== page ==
Yummy and not at all oily. Usually the feet part isn’t fatty, if you go up the leg then it gets more fatty and less meaty kind of. This is stwed until soft but has a firm texture, a soft delicate taste with the turnip. I like the balance of flavours, sometimes the 5 spice blend is too harsh and it covers up everything else. I think that is for people who like a dark sauce.
For a normal lunch or dinner 200 HK bucks is quite steep, still affordable but a bit pricey since cha cha teng or side stalls are like 30 – 40 bucks a bowl but it’s nice to order from an english menu and eat in a nice surrounding. So i recommend this for an affordable cheerful eats in HK.
It does help when you walk along the street and a friendly looking fellow beckons you into a simple looking side street cafe/restaurant with cheap and cheerful looking tables. How much can it cost?
You also feel good when you see the clean restaurant and the numerous clippings and celebs plastered on the wall and a sigh of relief when the menu is in english. Now rewind, we were walking back from ST Pauls to our Royal hotel when we passed this place and decided to have dinner.
If i remember correctly they seem to make their own curry blend, their chilli sauce and their handmade egg noodles beaten or dried on bamboo mats like how people used to do it traditionally before.
When we got back, we found out the reason for the outrageous pricing is because apparently they were mentioned in the Michelin Guide book so that’s why their pricing went cray cray.
The table setting was simple, but yet clean and has everything you need, plastic gloves, crab claw crusher?
We ordered simple stir fried iceberg lettuce which must be cooked really quickly or else it’s too wilted and looses all crunchiness and will be just wilted lettuce leaves. This was juicy, crunchy, delicious real skill!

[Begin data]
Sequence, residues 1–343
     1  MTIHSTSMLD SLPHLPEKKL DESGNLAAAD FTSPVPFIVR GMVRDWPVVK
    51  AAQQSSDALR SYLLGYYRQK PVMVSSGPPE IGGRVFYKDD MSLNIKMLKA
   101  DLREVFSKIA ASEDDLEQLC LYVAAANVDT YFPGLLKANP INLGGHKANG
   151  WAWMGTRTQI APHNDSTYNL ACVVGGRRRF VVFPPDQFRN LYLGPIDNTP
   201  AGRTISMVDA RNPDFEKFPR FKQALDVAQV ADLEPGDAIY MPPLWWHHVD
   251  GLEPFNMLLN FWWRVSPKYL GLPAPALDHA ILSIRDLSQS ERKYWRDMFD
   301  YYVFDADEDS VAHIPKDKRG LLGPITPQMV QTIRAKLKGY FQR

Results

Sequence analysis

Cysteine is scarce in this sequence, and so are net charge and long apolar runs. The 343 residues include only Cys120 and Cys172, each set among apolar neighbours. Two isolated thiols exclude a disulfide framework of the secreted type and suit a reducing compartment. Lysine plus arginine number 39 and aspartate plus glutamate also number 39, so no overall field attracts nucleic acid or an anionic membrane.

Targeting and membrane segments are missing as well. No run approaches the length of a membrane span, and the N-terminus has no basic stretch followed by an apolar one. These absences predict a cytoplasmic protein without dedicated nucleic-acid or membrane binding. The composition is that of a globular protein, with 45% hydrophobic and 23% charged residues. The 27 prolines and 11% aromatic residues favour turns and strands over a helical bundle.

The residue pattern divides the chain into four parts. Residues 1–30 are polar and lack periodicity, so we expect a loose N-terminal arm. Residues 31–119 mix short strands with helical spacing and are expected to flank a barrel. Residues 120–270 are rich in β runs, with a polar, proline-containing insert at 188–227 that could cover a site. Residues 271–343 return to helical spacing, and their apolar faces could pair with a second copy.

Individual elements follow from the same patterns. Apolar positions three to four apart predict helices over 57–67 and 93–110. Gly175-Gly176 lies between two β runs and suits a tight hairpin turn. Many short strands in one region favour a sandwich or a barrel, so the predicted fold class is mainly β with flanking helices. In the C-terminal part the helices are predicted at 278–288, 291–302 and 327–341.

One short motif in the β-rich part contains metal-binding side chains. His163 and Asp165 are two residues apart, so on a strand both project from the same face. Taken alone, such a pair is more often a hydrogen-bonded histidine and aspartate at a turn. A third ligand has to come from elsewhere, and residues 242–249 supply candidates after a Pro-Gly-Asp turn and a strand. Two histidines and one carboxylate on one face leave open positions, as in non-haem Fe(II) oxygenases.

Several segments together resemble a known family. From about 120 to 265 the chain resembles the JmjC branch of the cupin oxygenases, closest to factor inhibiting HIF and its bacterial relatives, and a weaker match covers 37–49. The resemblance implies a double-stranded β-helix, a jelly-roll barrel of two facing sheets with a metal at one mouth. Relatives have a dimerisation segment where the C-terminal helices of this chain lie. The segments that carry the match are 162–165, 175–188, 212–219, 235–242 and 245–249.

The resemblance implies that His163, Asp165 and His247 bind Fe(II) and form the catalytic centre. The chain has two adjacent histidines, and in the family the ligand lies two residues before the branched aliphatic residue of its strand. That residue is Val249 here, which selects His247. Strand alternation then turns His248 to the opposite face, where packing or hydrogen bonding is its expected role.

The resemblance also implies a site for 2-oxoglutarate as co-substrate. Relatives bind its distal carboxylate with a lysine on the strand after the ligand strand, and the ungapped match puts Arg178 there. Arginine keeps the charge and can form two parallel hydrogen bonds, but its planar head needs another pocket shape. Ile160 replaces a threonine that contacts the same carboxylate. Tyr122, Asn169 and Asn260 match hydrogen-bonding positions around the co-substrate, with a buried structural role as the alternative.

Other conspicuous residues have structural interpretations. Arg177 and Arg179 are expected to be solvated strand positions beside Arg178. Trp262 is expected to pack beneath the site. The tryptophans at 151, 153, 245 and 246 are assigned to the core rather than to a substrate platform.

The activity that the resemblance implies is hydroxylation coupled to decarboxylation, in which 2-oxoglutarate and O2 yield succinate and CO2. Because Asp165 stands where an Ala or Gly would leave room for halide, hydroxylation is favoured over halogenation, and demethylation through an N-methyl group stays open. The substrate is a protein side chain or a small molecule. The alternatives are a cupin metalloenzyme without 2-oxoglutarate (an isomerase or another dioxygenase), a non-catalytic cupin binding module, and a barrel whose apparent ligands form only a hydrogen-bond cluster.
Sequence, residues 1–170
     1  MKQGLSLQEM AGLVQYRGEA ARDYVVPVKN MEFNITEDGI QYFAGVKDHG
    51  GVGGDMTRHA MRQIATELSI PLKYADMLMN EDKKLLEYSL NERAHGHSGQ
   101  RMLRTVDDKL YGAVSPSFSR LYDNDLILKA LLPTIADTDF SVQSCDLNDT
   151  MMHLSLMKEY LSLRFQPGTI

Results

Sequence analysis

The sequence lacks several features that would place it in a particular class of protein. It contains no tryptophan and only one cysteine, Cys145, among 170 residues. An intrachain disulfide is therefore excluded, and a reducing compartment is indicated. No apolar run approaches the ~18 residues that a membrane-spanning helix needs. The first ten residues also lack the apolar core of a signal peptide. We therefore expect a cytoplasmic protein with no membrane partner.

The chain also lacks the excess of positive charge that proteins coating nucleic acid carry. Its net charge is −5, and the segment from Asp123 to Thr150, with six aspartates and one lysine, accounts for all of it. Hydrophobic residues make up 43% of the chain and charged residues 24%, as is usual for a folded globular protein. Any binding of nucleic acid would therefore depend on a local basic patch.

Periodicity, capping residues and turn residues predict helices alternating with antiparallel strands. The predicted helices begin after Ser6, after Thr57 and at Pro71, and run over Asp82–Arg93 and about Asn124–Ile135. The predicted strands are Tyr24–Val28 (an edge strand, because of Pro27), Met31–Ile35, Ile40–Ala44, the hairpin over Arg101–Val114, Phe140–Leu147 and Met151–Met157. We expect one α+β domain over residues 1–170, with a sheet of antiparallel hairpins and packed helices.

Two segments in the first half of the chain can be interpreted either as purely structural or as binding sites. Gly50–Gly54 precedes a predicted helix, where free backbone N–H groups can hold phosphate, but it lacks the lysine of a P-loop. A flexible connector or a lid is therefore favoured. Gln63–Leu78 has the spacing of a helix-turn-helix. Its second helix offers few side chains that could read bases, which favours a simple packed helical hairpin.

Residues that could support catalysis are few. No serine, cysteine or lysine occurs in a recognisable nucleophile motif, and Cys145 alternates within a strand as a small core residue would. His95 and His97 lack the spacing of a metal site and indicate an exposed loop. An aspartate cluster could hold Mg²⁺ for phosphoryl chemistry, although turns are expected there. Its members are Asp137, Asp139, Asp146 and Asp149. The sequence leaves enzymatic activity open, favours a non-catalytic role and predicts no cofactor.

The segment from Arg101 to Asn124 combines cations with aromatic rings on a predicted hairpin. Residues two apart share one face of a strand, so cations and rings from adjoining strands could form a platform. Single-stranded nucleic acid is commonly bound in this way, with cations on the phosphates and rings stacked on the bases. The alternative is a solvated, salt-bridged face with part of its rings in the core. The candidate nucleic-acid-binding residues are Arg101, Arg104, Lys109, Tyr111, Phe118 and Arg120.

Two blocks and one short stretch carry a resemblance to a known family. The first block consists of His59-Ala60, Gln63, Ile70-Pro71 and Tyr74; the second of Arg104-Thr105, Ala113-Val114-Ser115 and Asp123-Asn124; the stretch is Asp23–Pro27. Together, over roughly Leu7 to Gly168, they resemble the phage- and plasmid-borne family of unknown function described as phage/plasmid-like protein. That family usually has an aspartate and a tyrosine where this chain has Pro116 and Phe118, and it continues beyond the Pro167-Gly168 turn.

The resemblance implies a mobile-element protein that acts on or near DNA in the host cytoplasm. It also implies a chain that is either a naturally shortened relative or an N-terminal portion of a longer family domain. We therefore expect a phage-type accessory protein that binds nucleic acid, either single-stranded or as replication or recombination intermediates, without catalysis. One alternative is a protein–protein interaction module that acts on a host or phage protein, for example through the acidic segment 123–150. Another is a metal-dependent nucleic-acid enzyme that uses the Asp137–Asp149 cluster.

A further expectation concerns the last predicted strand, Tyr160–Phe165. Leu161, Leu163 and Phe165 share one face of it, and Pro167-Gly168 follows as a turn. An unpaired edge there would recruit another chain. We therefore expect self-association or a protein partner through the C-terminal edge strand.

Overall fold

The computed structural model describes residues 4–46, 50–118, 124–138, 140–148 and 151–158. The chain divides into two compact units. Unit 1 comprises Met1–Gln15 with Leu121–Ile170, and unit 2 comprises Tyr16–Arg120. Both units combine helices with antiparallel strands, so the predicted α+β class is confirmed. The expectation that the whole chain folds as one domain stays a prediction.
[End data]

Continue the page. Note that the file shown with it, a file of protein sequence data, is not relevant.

The pork bone soup was simple, with carrots. It was porky, savoury with a hint of carrot sweetness. I didn’t taste any other ingredients, maybe some peanuts but i feel that soup in HK, China & Macau seem to have this depth of flavor that i can’t copy in Bangkok. No matter what type of bones i use. I must find out!
The fried sardines or mackerel was not at all greasy of floury. It was light, crispy, crunchy, garlicky and if you chew on the chilli pepper it gives it a kick of spicy hot hot hot!
This type of curry crab is vastly different from what you get in thailand, their curry sauce is more coconutty, delicate sweetness. Thailand has a more eggy scrambled egg texture feeling with more spicy oil and let’s say a more rough tasting palate. This was delicate, creamy a more tender feeling curry crab. It’s like a ballet vs rock. Nice to have a balance of both in curry crab once in a while.
Note the size of the mud crab, it filled that gigantic bowl. Now in the menu it just said market price, which is why we didn’t expect all our allowance to be gone into one single dish. There was another table next to us with 8 people and they ordered one to share which is enough to go around. We had to force our party of 3 to finish it once we found out the price. really. Look at the bill. We didn’t try to congee or the egg noodles which is supposedly the star of this restaurant however as a splurge come. Really do not miss this restaurant. It’s clean, it has english menu, and the people are nice and friendly. Just dont order this dish if you come less than 5 people or unless you’re rich. Or you really want to.
Wong Kun Sio Kung
G/F, 310A R. do Campo, Avenida de Almeida Ribeiro
Ph: (853) 2837 2248